Eileen Goddard, a restorative yoga teacher at Yoga Vida in NYC, shed some light on all the added equipment. “In order to fully relax, we need to feel supported, both physically and mentally. We prop up in restorative yoga, particularly at the joints, to give the body this experience of full support.” Goddard adds that another important prop is the presence of the teacher, which offers another level of support.

And the studio atmosphere itself can make or break a good restorative yoga class. “The environment needs to exude a personality that is soothing and calming,” Zach says, adding that at the Woom Center, they have everything from a 3D sound system and overtone-emitting instruments to three unique aromatic combinations that alchemist Michelle Gagnon developed to help students unwind. (Which, whoa.)

This is all starting to sound a little better than a nap—but what are the real benefits of this type of self-care?

Yogis who practice restorative yoga regularly (at least once a week) report feeling more focused and experience better sleep post-class.

“The biggest benefit of practicing restorative yoga is the opportunity for your nervous system to switch over from the ‘fight or flight’ stress response to the ‘rest and digest’ relaxation response,” Goddard says. Other reported benefits include improved management of pain, anxiety, and depression as well as lower blood sugar and even weight loss.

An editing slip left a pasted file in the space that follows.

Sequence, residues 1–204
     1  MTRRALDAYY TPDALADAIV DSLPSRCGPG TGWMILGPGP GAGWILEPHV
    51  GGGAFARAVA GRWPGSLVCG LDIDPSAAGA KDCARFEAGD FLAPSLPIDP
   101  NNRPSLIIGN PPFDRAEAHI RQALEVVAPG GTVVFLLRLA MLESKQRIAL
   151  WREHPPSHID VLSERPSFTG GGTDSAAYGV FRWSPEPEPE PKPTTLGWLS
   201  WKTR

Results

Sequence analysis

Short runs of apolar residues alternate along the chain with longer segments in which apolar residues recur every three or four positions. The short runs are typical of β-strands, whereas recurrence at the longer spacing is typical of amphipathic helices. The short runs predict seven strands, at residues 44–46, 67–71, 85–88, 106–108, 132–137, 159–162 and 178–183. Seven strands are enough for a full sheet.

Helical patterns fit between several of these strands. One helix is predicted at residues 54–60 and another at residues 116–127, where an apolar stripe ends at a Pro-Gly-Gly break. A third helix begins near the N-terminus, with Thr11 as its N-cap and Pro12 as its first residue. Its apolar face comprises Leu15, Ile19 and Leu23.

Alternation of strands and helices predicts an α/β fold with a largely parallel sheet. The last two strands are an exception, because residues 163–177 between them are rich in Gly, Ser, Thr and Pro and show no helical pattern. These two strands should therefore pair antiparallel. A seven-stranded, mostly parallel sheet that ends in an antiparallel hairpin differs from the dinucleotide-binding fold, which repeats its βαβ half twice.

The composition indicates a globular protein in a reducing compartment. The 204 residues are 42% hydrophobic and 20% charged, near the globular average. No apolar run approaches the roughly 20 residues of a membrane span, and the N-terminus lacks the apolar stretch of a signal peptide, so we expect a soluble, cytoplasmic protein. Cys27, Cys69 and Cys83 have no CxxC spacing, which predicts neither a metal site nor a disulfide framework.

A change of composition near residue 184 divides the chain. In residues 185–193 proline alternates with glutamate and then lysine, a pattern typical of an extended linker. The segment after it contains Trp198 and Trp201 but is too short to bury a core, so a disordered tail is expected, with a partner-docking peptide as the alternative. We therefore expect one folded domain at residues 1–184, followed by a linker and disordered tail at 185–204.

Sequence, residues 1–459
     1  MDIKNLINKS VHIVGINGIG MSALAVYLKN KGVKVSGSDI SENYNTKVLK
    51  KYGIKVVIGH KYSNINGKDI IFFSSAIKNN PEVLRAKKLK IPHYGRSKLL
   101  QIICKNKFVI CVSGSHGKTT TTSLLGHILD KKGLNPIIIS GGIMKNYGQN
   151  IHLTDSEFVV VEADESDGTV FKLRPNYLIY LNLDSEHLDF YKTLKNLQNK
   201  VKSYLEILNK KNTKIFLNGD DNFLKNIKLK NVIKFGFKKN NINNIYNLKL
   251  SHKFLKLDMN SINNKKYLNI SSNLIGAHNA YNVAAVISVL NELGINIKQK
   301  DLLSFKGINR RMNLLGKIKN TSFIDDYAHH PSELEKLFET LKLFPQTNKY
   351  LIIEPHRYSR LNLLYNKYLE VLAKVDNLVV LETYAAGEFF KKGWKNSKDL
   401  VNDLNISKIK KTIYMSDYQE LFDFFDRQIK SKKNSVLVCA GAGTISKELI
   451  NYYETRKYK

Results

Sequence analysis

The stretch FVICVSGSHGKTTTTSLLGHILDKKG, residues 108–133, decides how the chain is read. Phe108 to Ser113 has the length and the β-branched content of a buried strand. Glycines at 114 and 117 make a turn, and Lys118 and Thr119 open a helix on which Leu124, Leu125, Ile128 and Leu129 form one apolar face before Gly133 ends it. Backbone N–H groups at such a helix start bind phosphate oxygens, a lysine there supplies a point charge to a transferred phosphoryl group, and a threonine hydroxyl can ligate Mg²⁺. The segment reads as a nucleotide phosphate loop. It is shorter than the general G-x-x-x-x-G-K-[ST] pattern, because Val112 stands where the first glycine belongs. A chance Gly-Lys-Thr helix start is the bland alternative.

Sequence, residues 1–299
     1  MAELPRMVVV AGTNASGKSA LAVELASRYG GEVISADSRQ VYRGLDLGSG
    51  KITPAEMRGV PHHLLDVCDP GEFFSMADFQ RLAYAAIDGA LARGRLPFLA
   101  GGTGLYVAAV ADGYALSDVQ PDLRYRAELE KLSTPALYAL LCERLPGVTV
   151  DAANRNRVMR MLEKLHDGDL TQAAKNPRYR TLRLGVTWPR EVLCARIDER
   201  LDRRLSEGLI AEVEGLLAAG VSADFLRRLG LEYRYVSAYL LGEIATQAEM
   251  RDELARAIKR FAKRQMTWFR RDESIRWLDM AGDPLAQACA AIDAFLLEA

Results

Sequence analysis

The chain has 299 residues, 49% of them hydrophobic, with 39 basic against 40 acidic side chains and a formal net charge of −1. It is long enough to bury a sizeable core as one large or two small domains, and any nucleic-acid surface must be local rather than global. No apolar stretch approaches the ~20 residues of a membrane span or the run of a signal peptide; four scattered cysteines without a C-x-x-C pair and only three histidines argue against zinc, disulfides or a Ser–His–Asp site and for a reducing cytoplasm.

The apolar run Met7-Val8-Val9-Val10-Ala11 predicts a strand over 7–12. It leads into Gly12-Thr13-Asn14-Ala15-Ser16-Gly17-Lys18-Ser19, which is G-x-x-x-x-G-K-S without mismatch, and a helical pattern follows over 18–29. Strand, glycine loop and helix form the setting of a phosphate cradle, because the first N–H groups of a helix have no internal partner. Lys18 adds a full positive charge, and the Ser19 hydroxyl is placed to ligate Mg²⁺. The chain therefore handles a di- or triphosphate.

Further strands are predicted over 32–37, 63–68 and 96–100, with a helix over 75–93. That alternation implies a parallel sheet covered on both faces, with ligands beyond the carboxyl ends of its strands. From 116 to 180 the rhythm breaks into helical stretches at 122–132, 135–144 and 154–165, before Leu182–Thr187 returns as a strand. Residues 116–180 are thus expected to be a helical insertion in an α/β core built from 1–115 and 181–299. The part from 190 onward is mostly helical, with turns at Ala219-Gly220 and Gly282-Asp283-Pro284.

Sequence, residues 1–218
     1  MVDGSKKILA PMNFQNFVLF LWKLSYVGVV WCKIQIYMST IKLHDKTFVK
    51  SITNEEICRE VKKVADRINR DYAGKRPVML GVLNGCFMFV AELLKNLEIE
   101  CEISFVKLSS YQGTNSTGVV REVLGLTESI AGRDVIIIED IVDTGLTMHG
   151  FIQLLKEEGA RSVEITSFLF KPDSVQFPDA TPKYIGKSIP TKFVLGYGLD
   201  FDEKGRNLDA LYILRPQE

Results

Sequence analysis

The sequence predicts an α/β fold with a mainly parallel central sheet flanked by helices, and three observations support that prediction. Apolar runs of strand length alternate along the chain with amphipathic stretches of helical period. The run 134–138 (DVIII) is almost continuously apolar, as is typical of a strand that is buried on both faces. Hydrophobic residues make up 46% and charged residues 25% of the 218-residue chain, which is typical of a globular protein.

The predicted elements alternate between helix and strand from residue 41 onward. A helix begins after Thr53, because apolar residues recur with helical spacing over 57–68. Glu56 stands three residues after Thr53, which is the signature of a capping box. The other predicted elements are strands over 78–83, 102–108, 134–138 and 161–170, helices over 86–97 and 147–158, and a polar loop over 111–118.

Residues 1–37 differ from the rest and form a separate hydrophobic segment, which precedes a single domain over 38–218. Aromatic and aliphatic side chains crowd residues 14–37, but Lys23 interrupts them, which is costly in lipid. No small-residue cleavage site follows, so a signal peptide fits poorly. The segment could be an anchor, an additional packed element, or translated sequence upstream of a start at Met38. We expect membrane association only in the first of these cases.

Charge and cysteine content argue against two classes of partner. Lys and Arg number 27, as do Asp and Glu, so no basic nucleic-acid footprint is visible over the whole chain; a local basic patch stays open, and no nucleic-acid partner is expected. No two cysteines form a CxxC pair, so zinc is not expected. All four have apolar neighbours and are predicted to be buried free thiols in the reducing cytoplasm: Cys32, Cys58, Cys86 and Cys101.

study from the American Diabetes Association observed a focus group of obese women who practiced restorative yoga over a 48-week period and a group who engaged in a stretching program over the same time period. They found that those who practiced restorative yoga lost a significant amount of subcutaneous fat over the six-month program compared to those in the stretch group, and those same women continued to lose during the maintenance period once the program was over. The study credits this to the practice’s focus on relaxation and stress reduction, which led to a decrease in cortisol (the hormone we blame for abdominal fat).

Sign me up! Restorative yoga for life! I have self-care figured out now!

I won’t be removing Pilates and cycling classes from my schedule any time soon—you can’t just replace regular exercise with restorative yoga. Instead, even the study noted that restorative yoga is a “complementary, ancient practice” that should be used in addition to regular exercise.

So, intense workout, restorative yoga class, or just a nap? Why not all three. “There is room for high-intensity classes,” Zach says. “There is a time for sharing space with others and another to sit alone and veg in front of the TV. Sometimes that’s OK, but sometimes you want to find self-care in a bigger way. Restorative yoga isn’t lazy—it’s a proactive act of self-care.”

E.J. Johnson is a Brooklyn-based comedy writer and performance artist. If you like pictures of pink sparkly things, you can follow her @ej.sunshine on Instagram.